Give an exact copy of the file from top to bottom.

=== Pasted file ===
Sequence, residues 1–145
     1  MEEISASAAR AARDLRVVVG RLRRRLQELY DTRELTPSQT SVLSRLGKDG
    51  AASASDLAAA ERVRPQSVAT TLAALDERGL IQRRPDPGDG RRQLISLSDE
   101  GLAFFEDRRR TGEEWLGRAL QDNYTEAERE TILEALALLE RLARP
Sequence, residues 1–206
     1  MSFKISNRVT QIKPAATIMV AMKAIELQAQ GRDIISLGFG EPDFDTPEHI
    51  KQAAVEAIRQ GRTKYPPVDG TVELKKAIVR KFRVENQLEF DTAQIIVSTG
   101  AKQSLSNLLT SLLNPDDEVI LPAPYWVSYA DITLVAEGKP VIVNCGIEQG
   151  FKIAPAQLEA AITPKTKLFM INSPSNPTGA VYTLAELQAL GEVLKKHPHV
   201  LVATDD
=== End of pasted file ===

Sequence, residues 1–145
     1  MEEISASAAR AARDLRVVVG RLRRRLQELY DTRELTPSQT SVLSRLGKDG
    51  AASASDLAAA ERVRPQSVAT TLAALDERGL IQRRPDPGDG RRQLISLSDE
   101  GLAFFEDRRR TGEEWLGRAL QDNYTEAERE TILEALALLE RLARP
Sequence, residues 1–206
     1  MSFKISNRVT QIKPAATIMV AMKAIELQAQ GRDIISLGFG EPDFDTPEHI
    51  KQAAVEAIRQ GRTKYPPVDG TVELKKAIVR KFRVENQLEF DTAQIIVSTG
   101  AKQSLSNLLT SLLNPDDEVI LPAPYWVSYA DITLVAEGKP VIVNCGIEQG
   151  FKIAPAQLEA AITPKTKLFM INSPSNPTGA VYTLAELQAL GEVLKKHPHV
   201  LVATDD